On startup, Qed autoscales the data in the X direction, compressing it by whatever amount is needed to show the whole curve. There are 256 horizontal pixels allotted to each curve, so if there are more than 256 data points, some pixel-sharing is required. The compression factor shown is the number of data points stacked up in one pixel column. The cursor only designates one of them, however. You can expand the display to unstack the pixels (the 'x' command toggles back and forth between compressed and uncompressed, while Shift along with the Left and Right arrow keys change the compression by factors of 2). The data points are expanded or contracted around the datum the cursor is pointing to. In Q9, the cursor is parked at the right end of the screen to show the most recently acquired data point, so the '->' key, along with Shift, compresses the data, and the '<-' key uncompresses it. This seems backwards if the cursor is on the left of the screen, as it often is in Qed. An alternative is avaliable: the 'Z' key compresses the curve by 2, and 'Ctrl-Z' uncompresses it by 2. If you think of 'Z' as a crumpled horizontal line, it even has some mnemonic value :-).
The rightmost entry in the top display line is the clock time that corresponds to the data point selected with the cursor, the time at which that datum was taken. The Ctrl-T keystroke changes it to Elapsed Time (from the start of the run) and back again.
The second display line shows the encoded version of the keyboard commands as you execute them, so you can see what Qed just did to you. This is actually just the last of the lines in the oplist; the F5 key shows you the bottom page of the list. When you enter a parameter before one of the commands (like '5b' in the example above) the display of the last executed operation is replaced by the parameter characters as you enter them. All of the parameters are numeric. The only restriction on them is that a numeric character must precede a decimal point, if you use one. That means you must enter "0.32", for example, not just ".32". If you enter a comment (to record a comment in the oplist) the entered characters show up on the second line. You can enter a comment when you are displaying the oplist, too, and watch it go in. Comments are most useful when you explain why you did something; a future user can tell what you did from the recorded operations, but the reasoning behind an odd operation is often mysterious.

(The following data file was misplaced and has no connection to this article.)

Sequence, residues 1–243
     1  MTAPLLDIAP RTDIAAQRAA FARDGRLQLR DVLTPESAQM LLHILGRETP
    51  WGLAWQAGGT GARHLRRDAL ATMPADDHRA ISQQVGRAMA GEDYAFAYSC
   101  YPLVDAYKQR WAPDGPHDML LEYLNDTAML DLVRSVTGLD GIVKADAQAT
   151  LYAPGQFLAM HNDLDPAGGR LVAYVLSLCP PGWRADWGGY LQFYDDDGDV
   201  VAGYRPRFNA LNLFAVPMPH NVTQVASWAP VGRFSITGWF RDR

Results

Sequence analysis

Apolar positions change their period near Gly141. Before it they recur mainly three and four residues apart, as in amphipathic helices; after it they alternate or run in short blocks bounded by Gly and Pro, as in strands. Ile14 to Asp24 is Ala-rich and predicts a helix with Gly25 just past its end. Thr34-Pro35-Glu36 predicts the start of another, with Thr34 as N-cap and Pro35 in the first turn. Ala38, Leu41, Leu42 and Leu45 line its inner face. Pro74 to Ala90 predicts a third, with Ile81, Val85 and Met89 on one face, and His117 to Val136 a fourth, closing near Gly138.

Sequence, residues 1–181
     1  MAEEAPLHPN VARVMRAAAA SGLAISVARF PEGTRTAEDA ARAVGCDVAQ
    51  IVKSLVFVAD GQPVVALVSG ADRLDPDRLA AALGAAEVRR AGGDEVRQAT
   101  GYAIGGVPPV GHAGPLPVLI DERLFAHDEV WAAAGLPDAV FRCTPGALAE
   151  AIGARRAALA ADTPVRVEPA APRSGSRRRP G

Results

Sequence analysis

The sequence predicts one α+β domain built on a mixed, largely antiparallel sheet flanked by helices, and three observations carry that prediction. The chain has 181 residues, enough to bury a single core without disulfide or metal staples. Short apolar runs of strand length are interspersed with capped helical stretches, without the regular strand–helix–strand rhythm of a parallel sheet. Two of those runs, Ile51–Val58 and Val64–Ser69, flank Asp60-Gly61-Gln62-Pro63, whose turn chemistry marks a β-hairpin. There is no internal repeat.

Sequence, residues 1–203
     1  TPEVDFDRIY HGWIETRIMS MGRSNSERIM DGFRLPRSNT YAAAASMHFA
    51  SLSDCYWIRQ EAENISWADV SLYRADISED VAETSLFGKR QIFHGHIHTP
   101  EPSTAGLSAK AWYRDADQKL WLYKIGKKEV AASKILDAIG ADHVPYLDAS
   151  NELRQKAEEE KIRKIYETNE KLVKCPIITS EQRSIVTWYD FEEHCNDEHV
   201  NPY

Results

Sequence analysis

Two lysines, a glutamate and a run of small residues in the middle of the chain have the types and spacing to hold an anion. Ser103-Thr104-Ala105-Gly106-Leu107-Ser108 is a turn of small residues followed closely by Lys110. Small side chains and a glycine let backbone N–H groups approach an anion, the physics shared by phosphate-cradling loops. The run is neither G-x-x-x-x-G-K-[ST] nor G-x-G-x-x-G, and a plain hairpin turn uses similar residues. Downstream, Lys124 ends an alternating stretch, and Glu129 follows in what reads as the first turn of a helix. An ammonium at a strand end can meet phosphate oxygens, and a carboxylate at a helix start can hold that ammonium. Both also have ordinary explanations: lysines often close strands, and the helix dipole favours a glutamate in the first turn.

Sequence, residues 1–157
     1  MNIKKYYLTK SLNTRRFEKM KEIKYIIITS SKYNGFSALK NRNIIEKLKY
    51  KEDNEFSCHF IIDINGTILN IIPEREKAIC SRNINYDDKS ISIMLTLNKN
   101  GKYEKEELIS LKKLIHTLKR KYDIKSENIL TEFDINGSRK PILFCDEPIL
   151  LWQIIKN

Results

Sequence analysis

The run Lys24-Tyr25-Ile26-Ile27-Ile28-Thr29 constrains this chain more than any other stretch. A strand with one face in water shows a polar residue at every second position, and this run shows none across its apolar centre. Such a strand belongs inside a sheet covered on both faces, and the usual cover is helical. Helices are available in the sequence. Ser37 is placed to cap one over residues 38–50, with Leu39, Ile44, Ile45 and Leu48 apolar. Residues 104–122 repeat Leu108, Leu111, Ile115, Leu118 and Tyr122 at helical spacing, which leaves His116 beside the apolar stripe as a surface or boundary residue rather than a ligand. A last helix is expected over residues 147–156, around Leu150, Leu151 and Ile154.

The bottom two display lines come alive to show text messages from Qed. The chattiness is adjustable: a verbosity threshold of 0 lets only error messages through, a level of 1 includes warning messages, and a level of 2 displays all the stuff Qed thinks you might want to know about. You can establish a customized startup value for this threshold, you can change it while Qed is running, or you can set the level to 2 for one command only, by preceding the command letter with 'v'. You can also query Qed about the parameters it is using internally, and the results show up on the bottom lines.
All the keystrokes connected with display control can be shown by hitting the F1 key (in Run mode), so you don't have to memorize them all at once. F1 again gets you back to the graphics screen. F2 brings up a screen showing the commands used in marking (and unmarking) the data, and reminds you how to highlight data points marked in different ways by making them blink. The F3 key evokes a screen describing all of the reduction operations available to you, while F4 will show you the input and output operations Qed is capable of, along with the few editing operations available when you are examining the list of recorded operations (F5).
You will notice that the light curves seem a bit ragged. This is a result of pixelization -- the screen has a resolution of 640 x 200, so the individual pixel columns do not blend together in X (actually a good thing, since we want to examine individual data points) and show staircasing in the Y direction (not such a good thing). It's the price paid for portability: the display software was written to run on the original IBM PC, with an 8088 (8 bit) CPU running at a whopping 4.75 MHz, and the original color graphics adaptor which, despite its name, could only do black-and-white graphics at this huge(!) resolution. It still runs unchanged on the latest Intel PCs, a lot faster but with the same display resolution. It will even run under Microsoft Windows. The crude graphics lettering is another consequence of this history. It's not very pretty, but it still works. Think of it as embedded history.